U.S. Senate Plan for ORS Provides $82M More than House Bill

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WASHINGTON — U.S. Senate defense appropriators recommended providing $111.5 million for Operationally Responsive Space (ORS) programs next year, $25 million more than the Pentagon requested and $82 million more than proposed in a companion bill passed in the House.

ORS programs are intended to field space capabilities quickly in response to emerging requirements as identified by military forces in the field. As envisioned, ORS would provide niche capabilities, filling gaps left by the Pentagon’s primary satellite constellations.

The Pentagon’s first operational ORS craft, which was placed on the development fast track to fulfill an urgent request from U.S. Central Command, was launched June 29. Several experimental ORS craft are either in orbit or in the planning pipeline, among them the U.S. Navy’s experimental TacSat-4 communications satellite, which was launched Sept. 27.

In general, the Pentagon’s experimental and innovative space efforts fared better in the Senate version of the 2012 defense appropriations bill, drafted Sept. 16, than in the House version. Another example is the Rocket Systems Launch Program, under which the U.S. Air Force converts excess strategic missile hardware for purposes including launching small or experimental satellites.

The House version of the defense spending bill recommends just $33.6 million for the Rocket Systems Launch Program next year, whereas the Senate version provides the full $158 million requested by the Air Force.

Another example is space technology development in research, development, test and evaluation for the Air Force, for which the Pentagon requested $115 million next year. The Senate bill fully funded that request, while the House version recommends $70 million. Similarly, the Air Force’s $75 million request for advanced spacecraft technology was fully funded by the Senate; the House bill recommended $39 million.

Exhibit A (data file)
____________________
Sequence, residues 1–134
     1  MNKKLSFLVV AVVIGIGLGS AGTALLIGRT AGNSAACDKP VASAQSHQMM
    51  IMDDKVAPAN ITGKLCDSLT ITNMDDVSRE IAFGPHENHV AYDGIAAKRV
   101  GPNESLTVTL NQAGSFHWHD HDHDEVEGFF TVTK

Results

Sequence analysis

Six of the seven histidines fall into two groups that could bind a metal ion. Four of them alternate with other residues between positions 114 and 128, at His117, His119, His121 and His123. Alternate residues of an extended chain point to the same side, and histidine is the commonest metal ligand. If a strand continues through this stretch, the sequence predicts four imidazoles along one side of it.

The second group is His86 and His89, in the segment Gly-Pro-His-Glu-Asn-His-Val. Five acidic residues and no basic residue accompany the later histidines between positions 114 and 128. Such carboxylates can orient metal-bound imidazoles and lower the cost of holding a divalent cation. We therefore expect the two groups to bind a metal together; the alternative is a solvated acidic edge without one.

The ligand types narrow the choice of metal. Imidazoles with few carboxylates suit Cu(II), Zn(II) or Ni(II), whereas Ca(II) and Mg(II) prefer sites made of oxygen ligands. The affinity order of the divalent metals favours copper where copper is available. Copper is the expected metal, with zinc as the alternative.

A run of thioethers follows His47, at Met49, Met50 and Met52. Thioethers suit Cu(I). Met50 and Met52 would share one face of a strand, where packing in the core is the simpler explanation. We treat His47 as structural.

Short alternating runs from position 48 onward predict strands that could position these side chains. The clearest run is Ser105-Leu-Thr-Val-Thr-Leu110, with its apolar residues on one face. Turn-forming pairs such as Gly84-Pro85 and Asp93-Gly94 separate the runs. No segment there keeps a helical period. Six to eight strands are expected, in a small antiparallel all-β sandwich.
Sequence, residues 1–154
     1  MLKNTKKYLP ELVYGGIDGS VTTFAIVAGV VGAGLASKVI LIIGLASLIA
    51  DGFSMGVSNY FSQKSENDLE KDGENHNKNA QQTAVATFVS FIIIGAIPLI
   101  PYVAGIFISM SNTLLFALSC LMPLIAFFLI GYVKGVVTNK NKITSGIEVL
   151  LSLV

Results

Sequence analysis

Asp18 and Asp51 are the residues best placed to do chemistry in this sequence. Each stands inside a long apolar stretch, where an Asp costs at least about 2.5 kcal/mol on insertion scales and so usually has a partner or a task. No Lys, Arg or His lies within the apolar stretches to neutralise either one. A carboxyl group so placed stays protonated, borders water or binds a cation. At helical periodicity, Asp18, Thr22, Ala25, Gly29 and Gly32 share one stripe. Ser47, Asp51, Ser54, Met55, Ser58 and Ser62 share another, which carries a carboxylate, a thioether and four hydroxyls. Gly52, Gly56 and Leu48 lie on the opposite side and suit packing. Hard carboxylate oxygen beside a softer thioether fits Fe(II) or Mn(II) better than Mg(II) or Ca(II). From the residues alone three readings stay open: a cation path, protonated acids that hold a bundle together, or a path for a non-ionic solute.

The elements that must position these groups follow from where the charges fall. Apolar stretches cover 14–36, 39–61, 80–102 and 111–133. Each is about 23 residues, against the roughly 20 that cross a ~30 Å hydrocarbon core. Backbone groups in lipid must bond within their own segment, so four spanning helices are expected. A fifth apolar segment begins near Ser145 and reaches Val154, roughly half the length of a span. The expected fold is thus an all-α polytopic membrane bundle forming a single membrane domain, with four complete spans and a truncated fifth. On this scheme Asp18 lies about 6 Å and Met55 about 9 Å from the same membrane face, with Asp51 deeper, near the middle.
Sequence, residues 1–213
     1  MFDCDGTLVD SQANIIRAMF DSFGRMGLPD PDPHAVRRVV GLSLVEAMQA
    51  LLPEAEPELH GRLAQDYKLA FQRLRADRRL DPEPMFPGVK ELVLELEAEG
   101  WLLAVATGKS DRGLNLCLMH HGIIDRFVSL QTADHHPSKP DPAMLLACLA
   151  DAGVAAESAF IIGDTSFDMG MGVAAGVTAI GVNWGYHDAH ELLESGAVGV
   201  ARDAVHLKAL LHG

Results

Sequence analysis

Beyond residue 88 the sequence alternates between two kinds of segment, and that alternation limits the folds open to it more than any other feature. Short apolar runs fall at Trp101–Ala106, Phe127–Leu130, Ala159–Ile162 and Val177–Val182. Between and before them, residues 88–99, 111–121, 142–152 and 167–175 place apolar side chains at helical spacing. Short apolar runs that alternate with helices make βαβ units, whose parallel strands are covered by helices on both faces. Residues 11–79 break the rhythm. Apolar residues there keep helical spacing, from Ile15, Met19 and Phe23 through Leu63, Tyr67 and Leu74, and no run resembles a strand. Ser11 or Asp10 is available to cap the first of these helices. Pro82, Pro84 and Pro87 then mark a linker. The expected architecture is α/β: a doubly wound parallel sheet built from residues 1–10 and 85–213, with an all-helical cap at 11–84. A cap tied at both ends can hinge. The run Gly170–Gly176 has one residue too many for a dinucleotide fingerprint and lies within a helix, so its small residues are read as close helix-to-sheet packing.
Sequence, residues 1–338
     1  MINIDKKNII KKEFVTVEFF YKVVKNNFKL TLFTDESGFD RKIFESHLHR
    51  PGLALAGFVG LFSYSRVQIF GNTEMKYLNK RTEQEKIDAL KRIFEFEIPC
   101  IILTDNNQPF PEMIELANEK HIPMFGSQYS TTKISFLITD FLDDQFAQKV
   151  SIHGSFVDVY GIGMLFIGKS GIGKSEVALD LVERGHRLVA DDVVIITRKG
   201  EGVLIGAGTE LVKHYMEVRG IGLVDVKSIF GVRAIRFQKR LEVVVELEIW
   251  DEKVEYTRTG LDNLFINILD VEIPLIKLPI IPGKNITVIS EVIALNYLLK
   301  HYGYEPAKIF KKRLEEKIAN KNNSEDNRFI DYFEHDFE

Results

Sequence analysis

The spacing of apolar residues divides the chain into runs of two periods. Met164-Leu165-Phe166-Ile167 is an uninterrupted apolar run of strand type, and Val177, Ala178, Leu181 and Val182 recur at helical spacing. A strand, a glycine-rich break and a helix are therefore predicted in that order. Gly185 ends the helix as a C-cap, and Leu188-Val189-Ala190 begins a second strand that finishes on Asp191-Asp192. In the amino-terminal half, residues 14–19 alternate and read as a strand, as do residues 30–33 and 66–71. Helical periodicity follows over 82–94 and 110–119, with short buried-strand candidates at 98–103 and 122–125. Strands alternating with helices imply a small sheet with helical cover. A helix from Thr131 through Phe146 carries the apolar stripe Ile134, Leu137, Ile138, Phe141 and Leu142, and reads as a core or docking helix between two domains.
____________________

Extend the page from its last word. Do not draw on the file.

Senate appropriators shared, however, the skepticism of their House counterparts on an innovation-minded program dubbed Assured Satcom Services in a Single Theater (ASSIST), under which the Pentagon would lease the full capacity of a commercially owned communications satellite over its 15-year lifetime. The Pentagon requested $416 million for ASSIST next year, according to the report accompanying the Senate bill.

The House spending measure recommended applying $335 million of the ASSIST funding to the Air Force’s Wideband Global Satcom procurement program, which would boost that account to $804 million. The Senate bill recommends no funding for ASSIST and trims $9 million from the $468 million Wideband Global Satcom request, which would cover the purchase of an eighth satellite in the series.

The Senate appropriators voiced their concerns with ASSIST in the report accompanying their bill. “The Committee has learned of a number of innovative proposals from commercial providers, each with unique potential benefits and tradeoffs,” the report language says. “It does not appear that these proposals have been fully evaluated by the department.”

Meanwhile, the Air Force’s main satellite constellations for applications including missile warning and communications generally were fully funded in both bills, with one notable exception being weather satellites. The Air Force requested $445 million for its next-generation Defense Weather Satellite System, which is under contract to Northrop Grumman Aerospace Systems of Redondo Beach, Calif. The House bill provided $225 million of that total, while the Senate legislation recommends terminating the program entirely and sets aside $250 million for a new weather satellite competition.

In remarks at an Oct. 4 luncheon here, Air Force Undersecretary Erin Conaton said the service remains committed to the weather mission but is not wedded to any particular approach. “We are looking at the messages Congress is sending us and also looking at the legitimate requirement, not only on the [Defense Department] side but obviously we have partners at [civilian agencies] who also rely on this weather data,” she said. “So I think you will see a continued commitment to the weather mission, but how we go about it given the concerns around this program, we’re still working our way through that.”

The Senate version of the 2012 defense appropriations bill fully funds the U.S. Navy’s Mobile User Objective System satellite program at $482 million. The House recommended providing $277 million for the effort.

The Senate bill also fully funds the Missile Defense Agency’s request for research, development, test and evaluation for the planned Precision Tracking Space System constellation of missile tracking satellites at $160 million. The House bill recommended providing no funding for that program.

 

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